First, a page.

The attorney general has ordered a third-party review of Legal Aid Ontario, after the agency announced last month that it was dramatically cutting back on services due to a $26-million deficit.
Yasir Naqvi will be bringing in an external firm to review the arm’s-length government agency’s budget forecasting methodology, decision-making procedures related to budget management, and Legal Aid’s plan to balance its budget.
The firm’s report must be delivered to Naqvi and John McCamus, chair of the Legal Aid board, by March 31, and will be made public “shortly after,” Naqvi said in a statement.
“As Attorney General, I am concerned and want to ensure that Legal Aid Ontario is positioned to address its financial challenges in a way that will not impact the delivery of front-line legal services.”
Legal Aid’s decision to cut back on services could potentially affect thousands of Ontarians. While the agency will still issue legal aid certificates — which cover a person’s legal fees — for criminal defence lawyers in cases where there is a “substantial likelihood of incarceration,” it will generally no longer do so in other matters.
That means that impoverished individuals who may not be facing jail time but could be deported, fired or slapped with a hefty fine if they are convicted — and get a criminal record in the process — will be left to fend for themselves in court.
Legal Aid, which has a $440-million annual budget, said it will also not increase salaries at legal clinics and will be reducing clinic operation budgets by $1 million, among other changes.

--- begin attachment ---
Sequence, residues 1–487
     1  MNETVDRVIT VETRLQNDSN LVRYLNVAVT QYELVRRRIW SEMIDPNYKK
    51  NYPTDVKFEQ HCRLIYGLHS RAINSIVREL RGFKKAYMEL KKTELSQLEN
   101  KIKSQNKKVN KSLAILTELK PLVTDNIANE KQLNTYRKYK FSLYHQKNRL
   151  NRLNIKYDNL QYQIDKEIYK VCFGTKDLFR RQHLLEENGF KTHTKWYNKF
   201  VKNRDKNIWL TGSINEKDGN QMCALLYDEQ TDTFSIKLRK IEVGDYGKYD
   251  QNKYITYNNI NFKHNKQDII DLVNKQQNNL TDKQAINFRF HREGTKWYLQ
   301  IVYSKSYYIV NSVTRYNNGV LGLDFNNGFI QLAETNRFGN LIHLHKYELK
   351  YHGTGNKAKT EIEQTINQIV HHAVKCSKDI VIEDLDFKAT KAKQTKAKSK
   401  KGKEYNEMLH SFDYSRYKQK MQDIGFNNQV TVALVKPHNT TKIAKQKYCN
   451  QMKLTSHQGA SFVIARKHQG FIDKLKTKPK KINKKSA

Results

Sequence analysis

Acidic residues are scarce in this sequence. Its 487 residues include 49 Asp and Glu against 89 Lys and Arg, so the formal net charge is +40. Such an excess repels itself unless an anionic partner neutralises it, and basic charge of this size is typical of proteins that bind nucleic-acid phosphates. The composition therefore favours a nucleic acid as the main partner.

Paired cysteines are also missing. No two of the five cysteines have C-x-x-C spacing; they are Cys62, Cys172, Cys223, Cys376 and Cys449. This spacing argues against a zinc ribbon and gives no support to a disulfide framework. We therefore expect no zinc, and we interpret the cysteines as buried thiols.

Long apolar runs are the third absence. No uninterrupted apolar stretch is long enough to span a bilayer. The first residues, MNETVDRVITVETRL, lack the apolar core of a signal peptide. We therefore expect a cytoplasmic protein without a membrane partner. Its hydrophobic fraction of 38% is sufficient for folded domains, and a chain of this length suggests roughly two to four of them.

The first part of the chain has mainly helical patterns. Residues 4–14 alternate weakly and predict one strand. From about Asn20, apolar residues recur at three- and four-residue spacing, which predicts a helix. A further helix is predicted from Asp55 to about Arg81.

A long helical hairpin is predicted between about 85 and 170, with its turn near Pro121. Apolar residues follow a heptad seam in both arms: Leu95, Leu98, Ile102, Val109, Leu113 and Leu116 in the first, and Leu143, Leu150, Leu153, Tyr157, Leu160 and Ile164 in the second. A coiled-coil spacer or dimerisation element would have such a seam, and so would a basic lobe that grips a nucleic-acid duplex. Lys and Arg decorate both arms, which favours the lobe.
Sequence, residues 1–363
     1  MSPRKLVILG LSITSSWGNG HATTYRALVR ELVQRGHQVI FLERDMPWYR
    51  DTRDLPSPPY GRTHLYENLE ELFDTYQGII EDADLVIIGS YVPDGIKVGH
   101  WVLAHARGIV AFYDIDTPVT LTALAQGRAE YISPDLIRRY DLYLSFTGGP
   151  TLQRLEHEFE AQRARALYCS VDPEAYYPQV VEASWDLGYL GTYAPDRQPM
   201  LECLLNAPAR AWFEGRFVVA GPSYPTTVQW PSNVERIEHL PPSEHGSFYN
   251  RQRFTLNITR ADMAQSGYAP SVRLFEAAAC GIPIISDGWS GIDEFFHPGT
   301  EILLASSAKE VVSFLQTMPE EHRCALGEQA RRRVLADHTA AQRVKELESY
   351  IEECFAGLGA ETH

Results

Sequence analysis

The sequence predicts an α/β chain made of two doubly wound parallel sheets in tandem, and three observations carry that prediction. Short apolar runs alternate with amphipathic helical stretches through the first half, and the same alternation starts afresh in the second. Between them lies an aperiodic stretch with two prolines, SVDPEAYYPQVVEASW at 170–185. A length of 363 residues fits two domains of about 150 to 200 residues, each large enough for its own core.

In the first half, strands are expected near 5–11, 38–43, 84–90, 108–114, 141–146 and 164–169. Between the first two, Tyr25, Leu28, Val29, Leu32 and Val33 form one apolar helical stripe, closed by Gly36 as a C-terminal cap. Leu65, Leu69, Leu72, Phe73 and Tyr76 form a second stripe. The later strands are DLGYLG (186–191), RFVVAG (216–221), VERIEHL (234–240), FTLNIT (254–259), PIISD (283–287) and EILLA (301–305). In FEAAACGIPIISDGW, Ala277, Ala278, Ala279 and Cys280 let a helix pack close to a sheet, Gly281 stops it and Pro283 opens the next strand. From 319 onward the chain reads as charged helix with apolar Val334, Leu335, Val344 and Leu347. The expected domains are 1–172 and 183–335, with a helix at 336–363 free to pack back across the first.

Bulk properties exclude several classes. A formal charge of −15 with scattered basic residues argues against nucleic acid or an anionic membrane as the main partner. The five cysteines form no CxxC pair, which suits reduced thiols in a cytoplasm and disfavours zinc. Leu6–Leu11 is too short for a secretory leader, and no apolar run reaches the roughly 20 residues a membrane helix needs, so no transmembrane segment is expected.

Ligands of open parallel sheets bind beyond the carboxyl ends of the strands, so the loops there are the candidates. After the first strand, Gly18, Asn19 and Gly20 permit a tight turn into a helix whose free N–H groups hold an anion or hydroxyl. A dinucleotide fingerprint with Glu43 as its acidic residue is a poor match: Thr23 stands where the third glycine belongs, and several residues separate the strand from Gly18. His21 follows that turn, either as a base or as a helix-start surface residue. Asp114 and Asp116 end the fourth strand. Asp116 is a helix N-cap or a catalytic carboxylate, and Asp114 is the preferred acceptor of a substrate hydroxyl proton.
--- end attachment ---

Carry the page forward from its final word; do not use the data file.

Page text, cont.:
The agency’s president and CEO, David Field, told the Star in an interview in December that he would welcome an external audit, saying he was “very confident” in Legal Aid’s financial situation. He reiterated that position to the Star in a statement Friday.
“We welcome the opportunity to confirm that our plan will address the deficit,” Field said.
“We appreciate the Attorney General’s interest in the matter and welcome the opportunity to work with the Ministry of the Attorney General and to review our process and its projections to ensure that low-income Ontarians will continue to receive the high-quality services they need.”
News of the external review was applauded by critics who have described Legal Aid as a bloated bureaucracy that mishandled the hundreds of millions of dollars it receives from the provincial government, something Field has denied.
“We commend the Attorney-General for his quick action in having Legal Aid’s actions audited in light of Legal Aid’s current deficit,” said Anthony Moustacalis, president of the Criminal Lawyers’ Association.
“For the last six years, Legal Aid has been mismanaging the public trust, and abusing its independence by going on a massive lawyer and staff hiring program. They did so because of an unwarranted fear that the Criminal Lawyers’ Association would tell criminal lawyers to stop taking legal aid cases.”
Margaret Parsons, executive director of the African Canadian Legal Clinic, said she wants the external review to consult with stakeholders including her clinic, and hopes that the review will also look at past deficits at Legal Aid.
“(Legal Aid) needs to be held to the same standard that it has held some clinics, and they can’t eliminate their massive deficit on the backs of poor people by the elimination or cutting back of services,” she said.
Despite its deficit, Legal Aid still plans to raise the household-income threshold to qualify for legal aid by six per cent starting in April. The threshold for a single person with no dependants is currently around $13,000 — long criticized as far too low and not reflective of the face of poverty in Ontario.